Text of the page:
The discovery of ancestral human remains may seem like an exciting historical find for some people, but for First Nations watching the burial grounds of their ancestors being torn up, it is often anything but.
On Feb. 22, BC Hydro crews working to install underground services for the Haro development in Cordova Bay revealed what have since been confirmed to be the ancestral human remains of one person.
The area, which is the traditional territory of the WSANEC and Lekwungen people, was a hub of Coast Salish life. Tsawout First Nation councillor Mavis Underwood said the area was once known for its richness of life and was where people would gather sea foods and harvest plants.
For centuries now, she said, as settlers have displaced First Nations off their traditional land, their artifacts have been unearthed and withheld. It’s only recently that governments began communicating with First Nations about the repatriation of stolen artifacts and consulting with them when new ones were found.
Between 1946 and 1960, as development of the area took hold, University of Victoria anthropologist Brian Thom said he believes over nine bodies were found. Now, with development once again underway, it’s possible more discoveries will be made.
“These are our ancestors,” Underwood said. “These are the people who inspired and birthed the generations that we now have here.” To have them dug up and displaced during development is offensive, she explained.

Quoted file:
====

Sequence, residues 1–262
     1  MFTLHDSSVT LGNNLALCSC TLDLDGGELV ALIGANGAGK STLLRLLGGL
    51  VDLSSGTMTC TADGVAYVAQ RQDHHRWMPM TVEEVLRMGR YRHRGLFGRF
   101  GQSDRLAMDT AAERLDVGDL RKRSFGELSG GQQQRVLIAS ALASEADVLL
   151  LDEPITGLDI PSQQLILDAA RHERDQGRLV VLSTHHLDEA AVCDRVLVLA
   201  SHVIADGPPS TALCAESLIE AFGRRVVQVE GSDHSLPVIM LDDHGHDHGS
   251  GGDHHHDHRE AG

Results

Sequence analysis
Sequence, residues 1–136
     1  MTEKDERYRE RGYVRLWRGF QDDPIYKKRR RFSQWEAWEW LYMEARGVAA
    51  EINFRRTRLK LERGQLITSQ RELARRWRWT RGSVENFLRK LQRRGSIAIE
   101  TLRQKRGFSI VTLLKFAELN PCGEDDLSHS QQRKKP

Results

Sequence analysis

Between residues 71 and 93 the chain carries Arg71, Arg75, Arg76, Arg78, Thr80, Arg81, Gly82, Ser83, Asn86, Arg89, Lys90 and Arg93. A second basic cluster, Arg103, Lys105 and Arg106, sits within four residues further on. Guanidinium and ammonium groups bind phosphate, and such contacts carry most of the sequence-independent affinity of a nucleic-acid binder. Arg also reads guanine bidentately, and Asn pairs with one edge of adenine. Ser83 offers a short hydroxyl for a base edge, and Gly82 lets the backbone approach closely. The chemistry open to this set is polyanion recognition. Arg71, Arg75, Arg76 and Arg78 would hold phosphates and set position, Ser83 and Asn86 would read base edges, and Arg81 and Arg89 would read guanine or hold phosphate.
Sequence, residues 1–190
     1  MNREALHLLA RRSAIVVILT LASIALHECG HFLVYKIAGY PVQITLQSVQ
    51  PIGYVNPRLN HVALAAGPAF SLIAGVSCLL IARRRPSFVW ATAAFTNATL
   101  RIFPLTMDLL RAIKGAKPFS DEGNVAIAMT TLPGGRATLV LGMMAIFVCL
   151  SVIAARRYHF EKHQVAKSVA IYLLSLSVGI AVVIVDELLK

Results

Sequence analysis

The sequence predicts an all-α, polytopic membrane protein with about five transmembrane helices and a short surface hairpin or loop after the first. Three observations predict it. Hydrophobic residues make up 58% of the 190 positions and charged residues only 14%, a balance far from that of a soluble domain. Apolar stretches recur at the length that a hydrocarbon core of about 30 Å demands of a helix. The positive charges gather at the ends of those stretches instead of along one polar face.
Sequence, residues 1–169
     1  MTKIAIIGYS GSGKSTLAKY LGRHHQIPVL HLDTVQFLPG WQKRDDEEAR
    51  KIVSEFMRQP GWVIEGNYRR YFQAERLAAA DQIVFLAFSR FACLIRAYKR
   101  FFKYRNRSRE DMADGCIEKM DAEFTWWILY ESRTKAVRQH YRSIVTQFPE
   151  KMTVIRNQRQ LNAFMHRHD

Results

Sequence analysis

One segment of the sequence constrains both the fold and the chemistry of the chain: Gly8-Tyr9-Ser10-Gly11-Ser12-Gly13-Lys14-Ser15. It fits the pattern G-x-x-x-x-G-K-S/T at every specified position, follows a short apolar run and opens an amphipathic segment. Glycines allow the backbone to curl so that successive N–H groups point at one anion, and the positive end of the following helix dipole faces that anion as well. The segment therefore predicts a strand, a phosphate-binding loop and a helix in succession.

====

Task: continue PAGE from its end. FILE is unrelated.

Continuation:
“It’s very sad and depressing to continually understand that the markers of our civilization are being taken off the land,” Underwood said. “It’s an act of extinguishment.”
While it’s become more common for developers and municipalities to have an Indigenous consultant on hand to help them navigate working on historical sites more respectfully, Underwood noted that consultant may not know the cultural practices of the First Nation being affected.
Some of these concerns are being addressed in the new Cordova Bay Local Area Plan, which is scheduled to go before Saanich council March 8. In it, for the first time ever, there is acknowledgement that Indigenous peoples lived there first.
“We have to come to terms with the fact that we’ve built this community right on top of an ancient Indigenous place,” Thom said.
The plan outlines the need to work closer with First Nations to address topics such as ancestral burial sites. It can be read at saanich.ca.